My Lords, can the noble Lord tell us, with a view to the Japanese inward investment, whether the opportunities for outward investment by British companies into Japan are the same and as easy as are the Japanese ones into this country?

    My Lords, I think, with respect to my noble friend, it is valid to make the point that inward investment from Japan is of a very small order indeed. In fact, £50 million over the period 1973 to 1978 does not represent any very significant inflow.

    My Lords, can the noble Lord the Minister tell us how much portfolio investment there was, which does not create employment or new products?

    My Lords, portfolio investment is a completely different question from investment in British industry.

    My Lords, is the noble Lord aware that the outward investment from the United Kingdom to the various sources of investment named here over the same period is considerably in excess of the figures that the noble Lord has given us relating to inward investment in this country? Is he further aware that a large amount of the inward investment in this country in money terms has also been counteracted by some £2,000 million worth of cash contribution out of the taxpayers' money to the EEC?

    My Lords, so far as the last point raised by the noble Lord is concerned, the present Government have taken effective steps to deal with the contribution payable to the EEC, a matter about which the previous Administration did nothing whatever, despite their claim to have renegotiated the financial terms. So far as the first supplementary question of the noble Lord is concerned, he is assuming that outward investment is to the detriment of the United Kingdom. It is nothing of the sort; it is of value to the United Kingdom in many directions, not the least because outward investment often provides exports from the United Kingdom.

    My Lords, is the noble Lord aware that he entirely misrepresented what I said? In the question which I put to him I did not suggest that outward investment from the United Kingdom was not advantageous to the United Kingdom. He, as he very often does, put those words into my mouth. I asked the noble Lord for his confirmation in quantitative terms, irrespective of the benefits conferred one way or the other, that the outward investment to those sources in fact exceeded the inward input from those sources.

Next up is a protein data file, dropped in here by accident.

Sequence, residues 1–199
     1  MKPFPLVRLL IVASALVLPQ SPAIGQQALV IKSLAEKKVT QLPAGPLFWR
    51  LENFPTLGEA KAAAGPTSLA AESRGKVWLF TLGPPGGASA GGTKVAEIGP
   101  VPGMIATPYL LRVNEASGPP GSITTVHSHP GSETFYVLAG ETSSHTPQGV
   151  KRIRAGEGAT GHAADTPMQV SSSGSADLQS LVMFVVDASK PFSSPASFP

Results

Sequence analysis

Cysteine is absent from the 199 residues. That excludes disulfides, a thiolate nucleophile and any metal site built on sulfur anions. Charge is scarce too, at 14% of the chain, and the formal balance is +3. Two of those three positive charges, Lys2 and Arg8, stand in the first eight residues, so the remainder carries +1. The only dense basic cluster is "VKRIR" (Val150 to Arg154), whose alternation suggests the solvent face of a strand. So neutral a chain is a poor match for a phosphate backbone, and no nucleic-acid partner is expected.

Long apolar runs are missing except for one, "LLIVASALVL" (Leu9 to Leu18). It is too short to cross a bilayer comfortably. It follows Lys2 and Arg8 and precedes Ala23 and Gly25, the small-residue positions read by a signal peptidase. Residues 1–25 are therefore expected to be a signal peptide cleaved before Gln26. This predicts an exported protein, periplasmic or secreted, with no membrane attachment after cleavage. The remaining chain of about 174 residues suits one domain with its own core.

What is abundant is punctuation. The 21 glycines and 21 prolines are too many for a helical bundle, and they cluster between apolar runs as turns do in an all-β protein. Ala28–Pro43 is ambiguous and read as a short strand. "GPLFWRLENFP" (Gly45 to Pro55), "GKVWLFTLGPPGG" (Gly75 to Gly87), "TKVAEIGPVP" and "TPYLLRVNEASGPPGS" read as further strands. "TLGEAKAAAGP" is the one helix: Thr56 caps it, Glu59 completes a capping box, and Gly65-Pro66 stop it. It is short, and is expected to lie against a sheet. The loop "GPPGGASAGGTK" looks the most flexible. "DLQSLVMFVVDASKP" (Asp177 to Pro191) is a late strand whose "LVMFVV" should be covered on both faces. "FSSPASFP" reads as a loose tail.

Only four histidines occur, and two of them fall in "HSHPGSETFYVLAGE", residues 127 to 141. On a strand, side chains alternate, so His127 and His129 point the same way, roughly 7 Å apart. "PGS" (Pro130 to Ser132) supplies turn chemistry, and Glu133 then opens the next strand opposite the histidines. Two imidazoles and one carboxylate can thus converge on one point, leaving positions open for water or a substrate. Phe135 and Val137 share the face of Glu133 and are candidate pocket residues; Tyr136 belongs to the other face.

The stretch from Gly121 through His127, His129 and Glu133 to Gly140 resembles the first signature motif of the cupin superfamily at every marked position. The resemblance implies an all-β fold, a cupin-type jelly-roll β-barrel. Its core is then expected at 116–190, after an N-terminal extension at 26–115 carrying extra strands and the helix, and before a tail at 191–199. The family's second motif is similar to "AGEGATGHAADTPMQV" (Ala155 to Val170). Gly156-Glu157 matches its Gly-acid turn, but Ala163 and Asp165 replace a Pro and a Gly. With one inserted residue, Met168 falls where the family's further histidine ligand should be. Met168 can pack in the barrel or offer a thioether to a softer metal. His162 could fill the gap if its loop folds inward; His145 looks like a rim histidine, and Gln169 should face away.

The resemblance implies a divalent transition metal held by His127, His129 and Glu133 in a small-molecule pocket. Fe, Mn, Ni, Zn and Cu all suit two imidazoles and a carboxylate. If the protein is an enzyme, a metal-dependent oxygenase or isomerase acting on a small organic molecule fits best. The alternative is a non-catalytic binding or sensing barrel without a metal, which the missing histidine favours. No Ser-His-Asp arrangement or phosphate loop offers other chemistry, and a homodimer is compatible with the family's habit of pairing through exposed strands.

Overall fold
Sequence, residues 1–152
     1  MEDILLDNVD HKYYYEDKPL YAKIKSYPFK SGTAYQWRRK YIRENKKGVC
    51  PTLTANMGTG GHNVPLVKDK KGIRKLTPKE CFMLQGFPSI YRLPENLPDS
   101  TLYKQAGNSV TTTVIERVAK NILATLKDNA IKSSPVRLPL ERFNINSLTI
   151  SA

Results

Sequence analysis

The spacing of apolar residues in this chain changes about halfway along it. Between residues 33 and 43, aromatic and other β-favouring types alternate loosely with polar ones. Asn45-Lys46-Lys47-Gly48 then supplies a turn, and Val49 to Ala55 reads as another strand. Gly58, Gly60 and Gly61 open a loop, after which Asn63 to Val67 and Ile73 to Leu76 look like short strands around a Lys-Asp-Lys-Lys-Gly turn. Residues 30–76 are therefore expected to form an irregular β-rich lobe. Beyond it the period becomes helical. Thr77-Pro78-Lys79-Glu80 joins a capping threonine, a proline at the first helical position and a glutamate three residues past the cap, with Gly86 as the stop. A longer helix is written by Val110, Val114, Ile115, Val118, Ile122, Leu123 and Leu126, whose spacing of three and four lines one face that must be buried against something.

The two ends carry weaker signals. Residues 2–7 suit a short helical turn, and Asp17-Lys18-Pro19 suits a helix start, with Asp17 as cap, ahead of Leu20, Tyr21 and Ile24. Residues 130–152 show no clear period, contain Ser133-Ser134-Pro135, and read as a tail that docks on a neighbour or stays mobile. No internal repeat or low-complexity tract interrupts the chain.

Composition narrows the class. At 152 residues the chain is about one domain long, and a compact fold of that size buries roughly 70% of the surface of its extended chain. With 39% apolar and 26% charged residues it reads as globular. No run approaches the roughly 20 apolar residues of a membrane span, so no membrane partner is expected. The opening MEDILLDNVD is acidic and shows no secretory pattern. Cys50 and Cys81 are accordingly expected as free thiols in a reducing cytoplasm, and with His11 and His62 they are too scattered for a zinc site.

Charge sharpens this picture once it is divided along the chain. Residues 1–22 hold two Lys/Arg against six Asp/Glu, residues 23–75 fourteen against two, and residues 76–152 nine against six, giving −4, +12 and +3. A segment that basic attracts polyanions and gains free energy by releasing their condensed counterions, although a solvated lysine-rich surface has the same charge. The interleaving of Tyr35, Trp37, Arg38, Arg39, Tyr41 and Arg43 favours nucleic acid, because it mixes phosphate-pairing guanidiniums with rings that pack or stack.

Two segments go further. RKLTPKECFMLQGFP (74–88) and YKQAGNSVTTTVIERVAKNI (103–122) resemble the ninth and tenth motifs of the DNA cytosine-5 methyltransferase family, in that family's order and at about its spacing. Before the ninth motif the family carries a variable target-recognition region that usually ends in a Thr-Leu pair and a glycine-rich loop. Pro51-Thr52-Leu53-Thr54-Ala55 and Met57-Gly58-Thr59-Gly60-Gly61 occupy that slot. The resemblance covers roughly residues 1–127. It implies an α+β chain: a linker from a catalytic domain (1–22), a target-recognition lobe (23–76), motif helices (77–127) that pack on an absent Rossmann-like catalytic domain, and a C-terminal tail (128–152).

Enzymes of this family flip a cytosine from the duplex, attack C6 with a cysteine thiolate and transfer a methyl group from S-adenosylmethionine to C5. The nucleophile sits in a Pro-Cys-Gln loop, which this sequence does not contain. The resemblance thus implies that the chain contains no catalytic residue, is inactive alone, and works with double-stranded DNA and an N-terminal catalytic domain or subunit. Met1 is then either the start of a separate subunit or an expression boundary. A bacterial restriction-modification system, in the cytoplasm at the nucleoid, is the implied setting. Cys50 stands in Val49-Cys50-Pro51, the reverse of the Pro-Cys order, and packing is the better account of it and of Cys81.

My Lords, so far as the first part of the noble Lord's supplementary question is concerned, I am glad to have his support that outward as well as inward investment is of great value to the United Kingdom. So far as the figures are concerned, I have made the point in reply to his noble friend that the Question relates to inward investment in the United Kingdom. If he wishes the figures for outward investment, perhaps he would table a Question.

    My Lords, may I ask the noble Lord whether the figures he has given refer entirely to capital investment and not to "hot" money coming into this country to take advantage of the high interest rates, money which can be withdrawn at the drop of a hat?

    My Lords, the figures that I have given relate to direct investment in British industry in the form of buildings, plant, machinery and working capital. That is an entirely different question from the question of money which may come into this country for other reasons.

    My Lords, perhaps I may put one last point. In view of these satisfactory figures and the fact that my noble friend said that there was a rising investment in this country, can he perhaps on some future occasion bring these figures more up to date? It is sad that they relate to 1975–78 while here we are nearly in 1981.

    My Lords, I shall be very happy to do so as soon as the figures are available.